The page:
The Railroad Commission of Texas (RRC) has adopted a rule for the disclosure of chemicals in hydraulic fracturing (fracking) fluids used to stimulate oil and gas wells in the state. Earlier this year state lawmakers passed legislation requiring such disclosure.

The rule will require Texas operators to disclose on a national public website all the ingredients and water volumes used to frack wells in Texas.

The Hydraulic Frac Fluid Disclosure Rule will be required for wells for which the RRC has issued an initial drilling permit on or after Feb. 1. Before the rule passed, some Texas operators conducting hydraulic fracturing were voluntarily entering chemical data into the public website FracFocus ( for about half of all wells in Texas undergoing hydraulic fracturing.

“…[W]e have successfully fulfilled our commitment from earlier this year to ensure that Texans know every single ingredient used in the hydraulic fracturing process,” said RRC Chair Elizabeth Ames Jones.

Texas is among several states that have embraced requirements for the public disclosure of frack fluid contents. On Tuesday the Colorado Oil and Gas Conservation Commission unanimously approved rules for the disclosure of chemicals used in fracking, including trade secret protections sought by the oil and gas industry (see related story).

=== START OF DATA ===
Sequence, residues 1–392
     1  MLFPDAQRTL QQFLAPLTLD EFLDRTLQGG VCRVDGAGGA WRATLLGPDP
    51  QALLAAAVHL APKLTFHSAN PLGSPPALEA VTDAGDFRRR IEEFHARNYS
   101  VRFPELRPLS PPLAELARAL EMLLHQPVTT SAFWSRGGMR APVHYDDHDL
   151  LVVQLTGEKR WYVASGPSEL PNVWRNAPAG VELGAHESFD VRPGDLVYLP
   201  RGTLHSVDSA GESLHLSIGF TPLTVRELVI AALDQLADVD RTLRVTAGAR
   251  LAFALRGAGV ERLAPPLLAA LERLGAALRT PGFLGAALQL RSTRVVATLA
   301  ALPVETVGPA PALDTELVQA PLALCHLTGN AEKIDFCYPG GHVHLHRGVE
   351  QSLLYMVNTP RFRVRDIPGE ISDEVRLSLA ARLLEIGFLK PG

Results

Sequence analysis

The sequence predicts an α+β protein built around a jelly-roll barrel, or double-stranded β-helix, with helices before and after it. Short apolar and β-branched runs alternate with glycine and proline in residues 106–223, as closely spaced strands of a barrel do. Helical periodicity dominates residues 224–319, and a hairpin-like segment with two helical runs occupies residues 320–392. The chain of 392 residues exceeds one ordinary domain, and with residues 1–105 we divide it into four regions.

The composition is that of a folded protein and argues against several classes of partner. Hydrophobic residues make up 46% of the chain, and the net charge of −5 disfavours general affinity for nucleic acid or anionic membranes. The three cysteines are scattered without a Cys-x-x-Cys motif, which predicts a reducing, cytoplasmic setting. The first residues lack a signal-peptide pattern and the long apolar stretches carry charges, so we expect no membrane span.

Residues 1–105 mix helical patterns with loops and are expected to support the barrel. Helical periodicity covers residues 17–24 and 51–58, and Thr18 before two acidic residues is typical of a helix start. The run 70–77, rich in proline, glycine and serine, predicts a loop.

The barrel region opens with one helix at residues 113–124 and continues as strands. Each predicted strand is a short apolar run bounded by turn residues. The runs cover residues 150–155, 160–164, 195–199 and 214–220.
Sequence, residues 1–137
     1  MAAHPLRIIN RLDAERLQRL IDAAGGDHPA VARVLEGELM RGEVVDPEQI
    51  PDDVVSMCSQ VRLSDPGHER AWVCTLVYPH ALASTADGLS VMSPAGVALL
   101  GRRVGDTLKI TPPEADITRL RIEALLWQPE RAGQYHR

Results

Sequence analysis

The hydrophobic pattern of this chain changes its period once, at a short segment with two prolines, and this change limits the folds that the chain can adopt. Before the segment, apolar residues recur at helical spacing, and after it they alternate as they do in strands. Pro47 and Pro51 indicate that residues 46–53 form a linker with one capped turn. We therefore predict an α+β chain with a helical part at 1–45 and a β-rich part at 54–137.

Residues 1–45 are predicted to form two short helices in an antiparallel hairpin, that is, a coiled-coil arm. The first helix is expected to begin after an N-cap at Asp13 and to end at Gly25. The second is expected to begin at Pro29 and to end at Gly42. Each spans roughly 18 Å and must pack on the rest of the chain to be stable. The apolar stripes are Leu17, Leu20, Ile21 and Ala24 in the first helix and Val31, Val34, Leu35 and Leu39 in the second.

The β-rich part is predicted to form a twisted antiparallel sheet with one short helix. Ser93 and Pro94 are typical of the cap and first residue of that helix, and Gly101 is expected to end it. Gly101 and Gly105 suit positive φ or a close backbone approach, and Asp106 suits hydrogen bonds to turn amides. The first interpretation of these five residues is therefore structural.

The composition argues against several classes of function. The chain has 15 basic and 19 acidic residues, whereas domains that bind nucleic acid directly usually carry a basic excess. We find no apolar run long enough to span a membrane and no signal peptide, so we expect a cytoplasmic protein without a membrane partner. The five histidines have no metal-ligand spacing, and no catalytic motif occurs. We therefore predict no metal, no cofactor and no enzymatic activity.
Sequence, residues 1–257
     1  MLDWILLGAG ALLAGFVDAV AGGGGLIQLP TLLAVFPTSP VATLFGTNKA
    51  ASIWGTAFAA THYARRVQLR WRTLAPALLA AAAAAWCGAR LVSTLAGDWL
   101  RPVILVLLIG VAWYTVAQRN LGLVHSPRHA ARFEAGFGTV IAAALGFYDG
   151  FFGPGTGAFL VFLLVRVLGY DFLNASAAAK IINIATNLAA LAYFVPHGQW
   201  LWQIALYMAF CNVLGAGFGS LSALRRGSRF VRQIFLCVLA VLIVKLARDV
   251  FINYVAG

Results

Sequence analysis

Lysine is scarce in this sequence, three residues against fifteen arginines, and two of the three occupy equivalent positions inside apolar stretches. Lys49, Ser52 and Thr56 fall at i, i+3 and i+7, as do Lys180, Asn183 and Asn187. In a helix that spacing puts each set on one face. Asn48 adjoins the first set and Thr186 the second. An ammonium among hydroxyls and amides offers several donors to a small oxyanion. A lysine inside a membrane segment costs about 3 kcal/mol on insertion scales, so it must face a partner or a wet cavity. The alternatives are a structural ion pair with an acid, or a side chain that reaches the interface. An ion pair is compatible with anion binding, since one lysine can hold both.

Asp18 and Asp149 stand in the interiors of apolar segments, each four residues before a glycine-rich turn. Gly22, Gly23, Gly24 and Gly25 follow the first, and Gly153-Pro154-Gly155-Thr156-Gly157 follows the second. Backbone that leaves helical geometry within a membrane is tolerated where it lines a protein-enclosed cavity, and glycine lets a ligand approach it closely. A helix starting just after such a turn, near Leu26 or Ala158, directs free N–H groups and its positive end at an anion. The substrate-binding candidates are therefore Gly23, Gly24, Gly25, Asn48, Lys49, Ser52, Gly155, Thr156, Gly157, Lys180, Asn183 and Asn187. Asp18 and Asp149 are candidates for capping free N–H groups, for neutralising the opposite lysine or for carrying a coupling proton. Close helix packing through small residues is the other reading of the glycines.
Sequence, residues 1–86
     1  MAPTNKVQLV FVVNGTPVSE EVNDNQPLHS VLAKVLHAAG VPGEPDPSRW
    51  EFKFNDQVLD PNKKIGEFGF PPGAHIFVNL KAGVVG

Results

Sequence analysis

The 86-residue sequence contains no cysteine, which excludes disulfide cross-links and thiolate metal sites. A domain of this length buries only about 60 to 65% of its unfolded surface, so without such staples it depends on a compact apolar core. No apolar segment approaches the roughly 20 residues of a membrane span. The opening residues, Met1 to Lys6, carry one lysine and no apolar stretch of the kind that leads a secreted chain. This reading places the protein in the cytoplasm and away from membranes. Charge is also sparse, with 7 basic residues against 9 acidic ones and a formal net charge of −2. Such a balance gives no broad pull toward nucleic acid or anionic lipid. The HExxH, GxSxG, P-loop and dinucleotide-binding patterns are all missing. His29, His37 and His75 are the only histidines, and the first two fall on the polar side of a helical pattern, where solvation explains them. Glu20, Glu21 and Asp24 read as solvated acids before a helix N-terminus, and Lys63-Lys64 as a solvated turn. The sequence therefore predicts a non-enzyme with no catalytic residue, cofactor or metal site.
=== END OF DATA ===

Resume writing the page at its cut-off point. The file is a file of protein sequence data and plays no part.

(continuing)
Late last year the Arkansas Oil and Gas Commission enacted disclosure requirements (see Shale Daily, Dec. 10, 2010). And in Louisiana the state’s Department of Natural Resources (DNR) Office of Conservation recently began taking comments on its own proposal (see Shale Daily, Sept. 1).

Additionally, Pennsylvania and Wyoming have frack fluid disclosure requirements of their own, and Michigan’s Department of Environmental Quality in May announced new regulations for high-volume fracking operations that use more than 100,000 gallons of fluid.

The Texas rule to implement the frack fluid legislation, passed by lawmakers during their last legislative session and signed by the governor, was published in the Texas Register in September (see Shale Daily, Aug. 30).